25 December 2007

A Little Callousness for the Holiday Season

"This is not to deny that income inequality is rising: it is. But measures
of income inequality are misleading because an individual's income
is, at best, a rough proxy for his or her real economic wellbeing.
Because we can save, draw down savings, or run up debt, our
income may tell us little about how we're faring."


This passage is from a recent article in The Economist entitled "The New (Improved) Gilded Age" and it is interesting from a number of perspectives. The first is that the folks over at The Economist start out by conceding the basic point - over the past three decades income inequality has increased sharply in the U.S. and it continues to do so. So, it is nice to have that settled.

The second interesting point is that the authors attempt a bit of slight of hand insofar as they do not mention the truly troubling matter - increasing inequality of wealth. For many, many people in the U.S. there are little or no "savings" to draw down during hard times. Arguably the mal-distribution of wealth in the U.S. says even more about "how we're faring" than does income distribution.

Third, living off of credit is a dangerous strategy in the short term and an easy route to bankruptcy in the medium term. (Of course the recent bankruptcy "reform" worked out to the benefit of creditors who already act in many duplictous ways.) One might well find (this is speculation) that the current mortgage disaster in the U.S. has been generated in considerable part by people trying to finance inordinate consumption by speculating on the equity in their homes (a "creative" form of debt).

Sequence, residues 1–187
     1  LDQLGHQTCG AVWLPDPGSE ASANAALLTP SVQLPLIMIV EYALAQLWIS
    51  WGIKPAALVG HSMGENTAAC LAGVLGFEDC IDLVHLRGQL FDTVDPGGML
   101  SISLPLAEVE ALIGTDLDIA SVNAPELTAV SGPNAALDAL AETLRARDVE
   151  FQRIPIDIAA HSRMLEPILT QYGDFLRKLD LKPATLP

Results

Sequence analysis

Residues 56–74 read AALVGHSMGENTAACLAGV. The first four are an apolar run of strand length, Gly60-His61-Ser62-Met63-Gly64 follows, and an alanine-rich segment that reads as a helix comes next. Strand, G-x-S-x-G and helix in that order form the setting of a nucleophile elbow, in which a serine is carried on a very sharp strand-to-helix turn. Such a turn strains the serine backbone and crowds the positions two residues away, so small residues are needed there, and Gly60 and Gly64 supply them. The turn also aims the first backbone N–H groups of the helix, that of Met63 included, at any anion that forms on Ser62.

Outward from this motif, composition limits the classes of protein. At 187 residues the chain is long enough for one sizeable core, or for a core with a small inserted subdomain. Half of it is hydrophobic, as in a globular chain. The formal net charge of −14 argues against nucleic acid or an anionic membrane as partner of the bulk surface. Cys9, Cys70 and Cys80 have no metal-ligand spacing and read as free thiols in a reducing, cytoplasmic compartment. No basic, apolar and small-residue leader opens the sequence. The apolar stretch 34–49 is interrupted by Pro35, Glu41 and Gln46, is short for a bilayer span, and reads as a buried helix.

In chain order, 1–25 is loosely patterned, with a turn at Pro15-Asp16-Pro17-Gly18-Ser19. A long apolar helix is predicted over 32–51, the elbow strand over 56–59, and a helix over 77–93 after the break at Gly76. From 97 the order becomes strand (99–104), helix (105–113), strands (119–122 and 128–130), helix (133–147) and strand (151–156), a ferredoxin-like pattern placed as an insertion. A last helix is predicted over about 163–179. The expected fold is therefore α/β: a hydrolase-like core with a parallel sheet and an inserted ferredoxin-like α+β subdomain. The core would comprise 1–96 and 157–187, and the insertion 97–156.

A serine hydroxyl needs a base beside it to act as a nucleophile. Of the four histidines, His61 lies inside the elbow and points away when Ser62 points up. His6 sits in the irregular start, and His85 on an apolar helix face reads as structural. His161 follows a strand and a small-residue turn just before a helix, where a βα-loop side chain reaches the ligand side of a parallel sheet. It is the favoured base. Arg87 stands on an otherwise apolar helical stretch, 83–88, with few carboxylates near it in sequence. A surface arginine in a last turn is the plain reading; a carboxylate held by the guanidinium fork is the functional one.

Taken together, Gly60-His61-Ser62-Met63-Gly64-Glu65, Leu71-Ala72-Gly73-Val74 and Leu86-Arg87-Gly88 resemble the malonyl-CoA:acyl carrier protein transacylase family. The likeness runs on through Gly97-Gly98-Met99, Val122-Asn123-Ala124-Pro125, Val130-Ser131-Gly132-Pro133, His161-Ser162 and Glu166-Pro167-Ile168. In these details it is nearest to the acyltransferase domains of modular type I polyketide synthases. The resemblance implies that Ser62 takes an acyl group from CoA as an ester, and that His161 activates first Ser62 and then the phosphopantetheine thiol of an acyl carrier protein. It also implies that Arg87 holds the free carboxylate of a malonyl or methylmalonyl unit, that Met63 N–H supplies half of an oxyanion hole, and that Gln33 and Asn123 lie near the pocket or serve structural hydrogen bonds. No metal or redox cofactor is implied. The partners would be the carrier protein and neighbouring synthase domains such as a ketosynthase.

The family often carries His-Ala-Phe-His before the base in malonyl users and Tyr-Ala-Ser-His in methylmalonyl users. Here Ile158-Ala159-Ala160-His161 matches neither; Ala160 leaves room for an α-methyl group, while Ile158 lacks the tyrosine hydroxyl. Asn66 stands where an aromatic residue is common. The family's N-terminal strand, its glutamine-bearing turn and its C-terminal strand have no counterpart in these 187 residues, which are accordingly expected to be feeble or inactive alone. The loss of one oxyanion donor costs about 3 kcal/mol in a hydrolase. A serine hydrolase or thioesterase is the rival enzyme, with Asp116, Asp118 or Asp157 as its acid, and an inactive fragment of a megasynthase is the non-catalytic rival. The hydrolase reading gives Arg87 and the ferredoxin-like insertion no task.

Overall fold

So, it seems to me that The Economist essay is pretty much worthless. The authors were writing in reply to Paul Krugman who has, in turn, offered this retort - "Inequality Denial." Krugman basically counters the claims, pressed in The Economist essay, that consumption inequality is not as bad as it might seem. He seems pretty persuasive to me on all counts - especially on the point that it is possible to both recognize that many (but I would hold, hardly all) of the poor are better off than their counterparts were a century ago and find current patterns of ecconomic inequality wholly deplorable.

So, here is a very practical challenge to the folks at The Economist - you can have your choice between the divergent packages of goods you attribute to the weathy and the poor in your essay. You can, in other words:

Drive your used Hyundai Elantra to shop for groceries at Wal-Mart, bringing them home to an IKEA Energisk B18 W (assuming similar accoutrements throughout the suitably matching apartment) ... of course you must do your purchasing of food and everything else on a budget set by the median income for a faimly of four ....

OR

Drive your new Jaguar XJ to shop for groceries at Whole Foods, bringing them home to a Sub-Zero PRO 48 (assuming similar accoutrements throughout the matching house), ... and you have a very loose budget constraint for food and all other goods because you are among the decile of the U.S. income distribution ...

It is your choice folks! Notice that I've been generous, since our "poor" do not approximate the median income. And their consumption is therefore even more constrained than what I sketch here. And if you really believe that "in America the relatively poor suffer no painful indignities"* explain why you choose (as you will) the 'nicer' of the packages which on your account are different only in "well nigh undetectable" ways.